Over the weekend, here in Australia and in the UK, thousands of well-meaning protesters lined up to support calls for the release of a high-profile computer hacker named Julian Assange.
Assange has been an internationally renowned hacker, active since he was 16 years of age — using the ‘handle’ Mendax and pleading guilty in 1996 to 24 charges of hacking into the Melbourne computers of Canadian telecommunications company Nortel. He was fined and released on a good behaviour bond.
Assange has now spent three years in a British jail pending extradition to the US on hacking charges.
Meanwhile, his public defence has been hijacked by political activists running a press freedom campaign. His celebrity lawyers have lost multiple attempts to stop his extradition.
Assange faces multiple counts of aiding and abetting convicted whistleblower Chelsea Manning.
Manning, a soldier at the time, stole hundreds of thousands of classified US military files. Ironically, during the time that Assange has sought refuge in an Ecuadorian embassy and fought to avoid a court appearance, Manning has been jailed and then had her sentence commuted.
Commutation comes with the implied acceptance of guilt. It does not mean a conviction has been overturned, so the prospects for Assange if he ever fronts an American court are dire. Especially if you read the very comprehensive indictment, containing detailed technical evidence relating to the hacking allegations.
No-go on Espionage Act
American human rights lawyers warn against fighting charges under the rarely used Espionage Act, which Assange faces. They say such cases are pretty much unwinnable.
In a recent interview, controversial Australian expat journalist John Pilger, one of Assange’s strongest supporters, made a bizarre claim.
“If Julian is extradited to the United States, I think it will effectively end real independent investigative journalism”.
However, the reality is Assange is not really a journalist and contrary to claims by Pilger and others the case has limited consequences for press freedom.
Not one journalist or any media organisation that published the stolen files has been pursued, much less charged — including Assange’s WikiLeaks.
WikiLeaks dumped huge amounts of confidential material straight onto the internet, unfiltered and uncorroborated. If it had merely passed it on to the global media outlets that subsequently, but very selectively, published reports based on some of the stolen files Assange’s identity as a ‘source’ would have been protected.
Although there are journalists who applaud his actions, there are many who don’t believe that such mass leaking is responsible journalism. That’s another reason why the press freedom angle is weak.
At the very least WikiLeaks arguably violated the privacy rights of people named in documents they reasonably expected would be kept confidential. The recent uproar over the Optus hacking highlights the sensitivity we attached these days to the information we provide to third parties.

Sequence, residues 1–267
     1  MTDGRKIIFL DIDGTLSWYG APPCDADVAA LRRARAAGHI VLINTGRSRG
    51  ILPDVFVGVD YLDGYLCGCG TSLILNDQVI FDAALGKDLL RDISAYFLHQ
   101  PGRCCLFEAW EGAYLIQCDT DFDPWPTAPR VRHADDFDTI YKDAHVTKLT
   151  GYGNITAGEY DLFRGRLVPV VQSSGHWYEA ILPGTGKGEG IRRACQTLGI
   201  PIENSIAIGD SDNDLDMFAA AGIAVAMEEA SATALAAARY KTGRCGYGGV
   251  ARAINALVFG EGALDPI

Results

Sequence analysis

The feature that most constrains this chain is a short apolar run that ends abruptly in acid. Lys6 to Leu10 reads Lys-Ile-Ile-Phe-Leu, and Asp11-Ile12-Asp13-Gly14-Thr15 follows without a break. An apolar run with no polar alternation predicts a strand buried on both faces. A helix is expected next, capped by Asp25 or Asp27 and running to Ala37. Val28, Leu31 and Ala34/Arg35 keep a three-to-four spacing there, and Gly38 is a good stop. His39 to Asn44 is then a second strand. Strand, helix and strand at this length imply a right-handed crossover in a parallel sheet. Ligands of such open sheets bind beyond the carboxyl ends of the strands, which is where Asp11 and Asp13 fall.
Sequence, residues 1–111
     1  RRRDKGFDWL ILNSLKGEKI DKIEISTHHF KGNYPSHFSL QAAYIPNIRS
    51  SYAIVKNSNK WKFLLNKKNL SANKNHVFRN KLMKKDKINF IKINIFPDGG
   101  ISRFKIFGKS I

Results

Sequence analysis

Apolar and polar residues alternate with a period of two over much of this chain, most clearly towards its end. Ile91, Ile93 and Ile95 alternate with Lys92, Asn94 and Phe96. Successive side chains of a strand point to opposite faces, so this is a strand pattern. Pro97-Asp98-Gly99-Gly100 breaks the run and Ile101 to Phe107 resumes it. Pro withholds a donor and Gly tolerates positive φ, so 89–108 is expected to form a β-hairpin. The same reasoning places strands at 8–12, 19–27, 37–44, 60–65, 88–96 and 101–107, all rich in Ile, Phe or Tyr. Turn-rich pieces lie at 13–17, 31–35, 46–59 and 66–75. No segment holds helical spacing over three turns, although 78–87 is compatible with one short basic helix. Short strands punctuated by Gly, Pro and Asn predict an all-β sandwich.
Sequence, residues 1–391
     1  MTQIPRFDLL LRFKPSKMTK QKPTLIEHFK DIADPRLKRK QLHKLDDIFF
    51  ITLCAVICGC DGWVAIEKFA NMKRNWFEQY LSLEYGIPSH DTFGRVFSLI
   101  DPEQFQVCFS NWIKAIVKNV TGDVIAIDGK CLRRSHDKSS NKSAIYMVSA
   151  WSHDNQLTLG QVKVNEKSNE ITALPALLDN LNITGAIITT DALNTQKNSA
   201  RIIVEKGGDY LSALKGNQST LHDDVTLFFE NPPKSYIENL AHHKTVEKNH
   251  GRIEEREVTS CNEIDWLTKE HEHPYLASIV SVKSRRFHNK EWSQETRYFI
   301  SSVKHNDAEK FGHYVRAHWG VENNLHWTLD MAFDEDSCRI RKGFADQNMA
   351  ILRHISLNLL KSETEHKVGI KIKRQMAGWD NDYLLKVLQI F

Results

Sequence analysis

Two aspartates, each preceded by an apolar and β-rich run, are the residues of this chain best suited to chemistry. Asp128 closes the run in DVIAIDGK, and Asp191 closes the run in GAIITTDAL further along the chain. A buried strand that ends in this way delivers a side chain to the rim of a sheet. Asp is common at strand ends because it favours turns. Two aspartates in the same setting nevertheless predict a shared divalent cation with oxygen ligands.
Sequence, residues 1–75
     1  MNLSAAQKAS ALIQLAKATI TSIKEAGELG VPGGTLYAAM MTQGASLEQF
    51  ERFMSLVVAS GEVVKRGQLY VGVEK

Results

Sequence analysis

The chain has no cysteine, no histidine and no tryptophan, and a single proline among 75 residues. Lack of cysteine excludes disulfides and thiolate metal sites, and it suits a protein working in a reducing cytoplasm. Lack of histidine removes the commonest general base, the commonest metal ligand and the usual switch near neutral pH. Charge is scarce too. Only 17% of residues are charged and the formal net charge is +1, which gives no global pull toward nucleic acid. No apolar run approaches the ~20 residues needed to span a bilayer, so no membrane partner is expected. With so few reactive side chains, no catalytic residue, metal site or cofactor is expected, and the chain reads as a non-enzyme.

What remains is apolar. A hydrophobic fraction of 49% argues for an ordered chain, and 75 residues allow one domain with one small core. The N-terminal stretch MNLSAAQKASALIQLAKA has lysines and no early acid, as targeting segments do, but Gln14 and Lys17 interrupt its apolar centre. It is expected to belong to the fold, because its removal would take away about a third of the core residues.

Why pursue Assange?
So why is the US so determined to convict Assange?
The most sensational material his WikiLeaks website exposed — the ‘Collateral Murder’ video of helicopter gunships firing at civilians in Baghdad — has been widely circulated via mainstream media and online. Yet its release has seen anyone charged with war crimes.
The pursuit of both Manning and Assange, as Manning’s alleged co-conspirator, is all about frightening off anyone else contemplating similar actions. It’s also about American military pride. Not only did he allegedly help steal their files, Assange taunted them relentlessly for years.
Hopes of a change of heart by the incoming Biden administration were optimistic given WikiLeaks’ alleged covert support for Donald Trump.
Calls for the Australian government to demand Assange’s release understate the extent to which both sides of American politics are aligned on national security issues.
Further complicating the matter is the fact that the actions of Manning and Assange would be criminal offences pretty much everywhere around the world.
Rather than continuing their current problematic press freedom campaign, those activists who just took to the streets would arguably be better engaged arguing for global whistleblower laws.
Laws that protect whistleblowers and also anyone who assists them – including journalists, lawyers and even computer hackers.
If they hope to see Assange released any time soon they should persuade him to do a plea bargain on one of the lesser charges with a maximum penalty of five years imprisonment.
With an allowance for ‘time served’ he could be out and back here in Australia with his young family in time for Christmas.
is a prominent public interest advocate and a former journalist. He has recently launched a campaign to secure whistleblower laws from both state and federal governments
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